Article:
CORESTA Meeting, Smoke Science/Product Technology, 2019, Hamburg, ST 18

Human precision-cut lung slices as a screening tool: increased throughput, cryopreservation, and detection of DNA adducts for next generation tobacco product evaluation

BEHRSING H.P.(1); DESAI P.(1); AMIN K.(2); BALBO S.(3); HECHT S.S.(2); SHEEHAN D.(1); CASTRO N.(1); ALLEN D.(4)
(1) Institute for In Vitro Sciences, Inc., Gaithersburg, MD, U.S.A.; (2) University of Minnesota, Division of Environmental Health Sciences, Minneapolis, MN, U.S.A.; (3) University of Minnesota, Department of Laboratory Medicine and Pathology, Minneapolis, MN, U.S.A.; (4) Integrated Laboratory Systems, Inc., Morrisville, NC, U.S.A.

Human-relevant, in vitro/ex vivo assays are considered an ethical and economically viable manner by which to screen the many chemicals requiring hazard assessment, such as next generation tobacco product (NGTP) ingredients. Human precision-cut lung slices (PCLS) are often considered the most physiologically relevant pulmonary test system, but low throughput and difficulties in cryopreservation have hampered PCLS use. Our objective was to increase PCLS production, optimize cryopreservation, and demonstrate 3R4F-induced DNA adduct formation using PCLS.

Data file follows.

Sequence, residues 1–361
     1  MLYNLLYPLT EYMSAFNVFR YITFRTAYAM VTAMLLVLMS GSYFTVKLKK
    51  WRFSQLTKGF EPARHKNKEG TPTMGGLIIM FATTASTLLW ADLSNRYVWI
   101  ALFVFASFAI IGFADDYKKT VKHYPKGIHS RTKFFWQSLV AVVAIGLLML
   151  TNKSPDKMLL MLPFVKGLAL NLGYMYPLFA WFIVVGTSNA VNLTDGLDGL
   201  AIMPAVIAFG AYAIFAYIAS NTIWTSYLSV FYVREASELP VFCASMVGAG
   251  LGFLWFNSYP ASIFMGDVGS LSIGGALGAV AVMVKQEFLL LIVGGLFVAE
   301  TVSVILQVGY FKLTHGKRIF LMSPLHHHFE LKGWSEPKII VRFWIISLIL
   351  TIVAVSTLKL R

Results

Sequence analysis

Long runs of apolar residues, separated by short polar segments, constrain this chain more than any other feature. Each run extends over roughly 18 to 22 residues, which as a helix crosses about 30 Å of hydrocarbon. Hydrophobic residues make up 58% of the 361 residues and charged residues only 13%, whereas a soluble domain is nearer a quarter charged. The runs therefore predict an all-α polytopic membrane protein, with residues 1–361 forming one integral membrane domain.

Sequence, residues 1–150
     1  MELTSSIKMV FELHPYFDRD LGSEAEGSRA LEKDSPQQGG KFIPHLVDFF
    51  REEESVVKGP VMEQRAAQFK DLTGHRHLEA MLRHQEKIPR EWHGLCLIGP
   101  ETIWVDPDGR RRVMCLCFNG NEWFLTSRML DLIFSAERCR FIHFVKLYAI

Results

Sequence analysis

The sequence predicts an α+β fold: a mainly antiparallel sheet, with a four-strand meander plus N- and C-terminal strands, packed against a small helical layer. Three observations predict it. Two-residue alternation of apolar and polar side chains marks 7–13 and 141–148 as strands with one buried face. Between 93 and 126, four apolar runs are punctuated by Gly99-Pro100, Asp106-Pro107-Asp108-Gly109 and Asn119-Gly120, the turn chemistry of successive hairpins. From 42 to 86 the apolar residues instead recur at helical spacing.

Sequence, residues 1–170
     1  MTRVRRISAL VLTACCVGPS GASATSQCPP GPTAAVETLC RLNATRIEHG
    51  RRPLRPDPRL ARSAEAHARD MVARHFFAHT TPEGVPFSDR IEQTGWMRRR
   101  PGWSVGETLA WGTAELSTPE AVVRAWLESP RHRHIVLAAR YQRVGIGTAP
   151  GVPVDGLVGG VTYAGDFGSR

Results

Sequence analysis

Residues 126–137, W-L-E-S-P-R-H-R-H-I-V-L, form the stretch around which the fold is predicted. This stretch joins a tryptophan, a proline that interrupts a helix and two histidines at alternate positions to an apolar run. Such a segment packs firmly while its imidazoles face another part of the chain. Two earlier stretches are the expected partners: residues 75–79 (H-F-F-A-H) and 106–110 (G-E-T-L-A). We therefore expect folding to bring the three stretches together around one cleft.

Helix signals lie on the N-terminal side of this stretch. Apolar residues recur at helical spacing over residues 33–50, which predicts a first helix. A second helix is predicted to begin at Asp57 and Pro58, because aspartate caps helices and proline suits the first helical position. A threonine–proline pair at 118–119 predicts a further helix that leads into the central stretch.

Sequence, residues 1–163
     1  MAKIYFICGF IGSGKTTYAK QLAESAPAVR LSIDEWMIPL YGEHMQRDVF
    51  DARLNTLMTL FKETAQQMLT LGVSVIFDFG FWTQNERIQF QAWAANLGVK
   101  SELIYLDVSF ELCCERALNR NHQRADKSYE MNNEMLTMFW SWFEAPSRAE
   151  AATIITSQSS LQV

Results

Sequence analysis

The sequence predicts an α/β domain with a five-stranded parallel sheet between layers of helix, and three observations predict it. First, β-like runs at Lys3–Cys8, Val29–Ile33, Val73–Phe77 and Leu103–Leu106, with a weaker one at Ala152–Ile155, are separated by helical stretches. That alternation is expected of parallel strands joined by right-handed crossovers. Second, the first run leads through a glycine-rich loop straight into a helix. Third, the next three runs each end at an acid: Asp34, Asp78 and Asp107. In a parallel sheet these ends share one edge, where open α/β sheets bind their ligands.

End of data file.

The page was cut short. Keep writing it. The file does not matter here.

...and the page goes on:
A tissue slicer modification allowed simultaneous slicing of three tissue cores. Increased production was quantified using agarose and tissue cores over 15 minutes. We tested five PCLS cryopreservation formulations against PCLS maintained in culture. Viability in each of the groups was assessed with the WST-8 viability assay, prior to fixation and histological evaluation. For mass-spectrometer analysis of DNA adduct formation, PCLS were exposed to ten 3R4F cigarettes (10 puffs each) using the Health Canada Intense regime or exposed to air.

The slicer modification resulted in 2.8-fold and 2.4-fold more slices from agarose cores, and lung cores, respectively. Cryopreservation efforts indicated freezing after slicing yields better average viability (48-73 % of fresh, non-frozen control) than culturing overnight and freezing (13-54 % of control) when assessing health over 4 days, post-thaw. Cryopreservation buffers containing University of Wisconsin preservation solution preserved viability the best (54 %-90 % of non-frozen control). Histological findings concurred with WST-8 viability results (> 75 % of normal healthy lung tissue features), post-thaw. DNA-adduct evaluation indicated every 3R4F exposed (N = 6) but no air-exposed, (N = 6) PCLS yielded acrolein DNA adducts.

The increased PCLS production indicates larger screening studies can be initiated from one lung and cryopreservation results suggest slices can be banked. Further, utilizing human PCLS for DNA adduct analysis demonstrates a relevant screening endpoint to evaluate NGTP safety.